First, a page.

wherein:

FIG. 1 is a top view showing schematically a first head-mounted display device according to this invention with two light modulators which are disposed in the observer windows in the observer plane and immediately in front of the eye pupils;

FIG. 2 shows schematically an optical part of the display device according to FIG. 1 with phase-modulating light modulators disposed in front of the eye pupils in each of the observer windows in the observer plane, where amplitude-modulating light modulators which are disposed in the regions in front of the observer windows are projected on to the corresponding phase-modulating light modulators;

FIG. 3 shows schematically a light modulator arrangement according to FIG. 1 with two light modulators which are disposed in the observer windows in the observer plane and immediately in front of the eye pupils, and which have the same size as the eye pupils;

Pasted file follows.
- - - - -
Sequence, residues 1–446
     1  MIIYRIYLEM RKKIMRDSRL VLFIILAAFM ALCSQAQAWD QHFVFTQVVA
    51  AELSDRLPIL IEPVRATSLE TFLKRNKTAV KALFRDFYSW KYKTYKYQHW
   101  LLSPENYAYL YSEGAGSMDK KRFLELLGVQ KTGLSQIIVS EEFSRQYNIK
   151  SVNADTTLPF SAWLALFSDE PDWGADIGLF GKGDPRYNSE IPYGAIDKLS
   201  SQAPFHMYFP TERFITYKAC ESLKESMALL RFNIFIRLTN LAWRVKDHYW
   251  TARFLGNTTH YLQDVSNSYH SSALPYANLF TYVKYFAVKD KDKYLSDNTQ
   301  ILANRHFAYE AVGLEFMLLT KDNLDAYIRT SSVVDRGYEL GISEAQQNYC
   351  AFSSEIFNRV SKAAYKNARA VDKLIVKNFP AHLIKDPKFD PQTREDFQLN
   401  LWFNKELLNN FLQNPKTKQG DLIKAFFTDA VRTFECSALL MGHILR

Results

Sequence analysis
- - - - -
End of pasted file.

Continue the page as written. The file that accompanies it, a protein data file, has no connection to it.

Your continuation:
FIG. 4 shows schematically a light modulator arrangement in the optical part according to FIG. 1 with two light modulators which are disposed in the observer windows in the observer plane and immediately in front of the eye pupils, where an angle-selective element is disposed between each light modulator and eye pupil;

FIG. 5 shows schematically a second head-mounted display device according to this invention, which is reduced to the optical part, with two light modulators which are disposed in the region close in front of the observer windows but outside the observer plane, where an aperture stop for preventing cross-talking of deflected light is disposed in parallel orientation between the two parallel optical paths in the region between light modulators and eye pupils;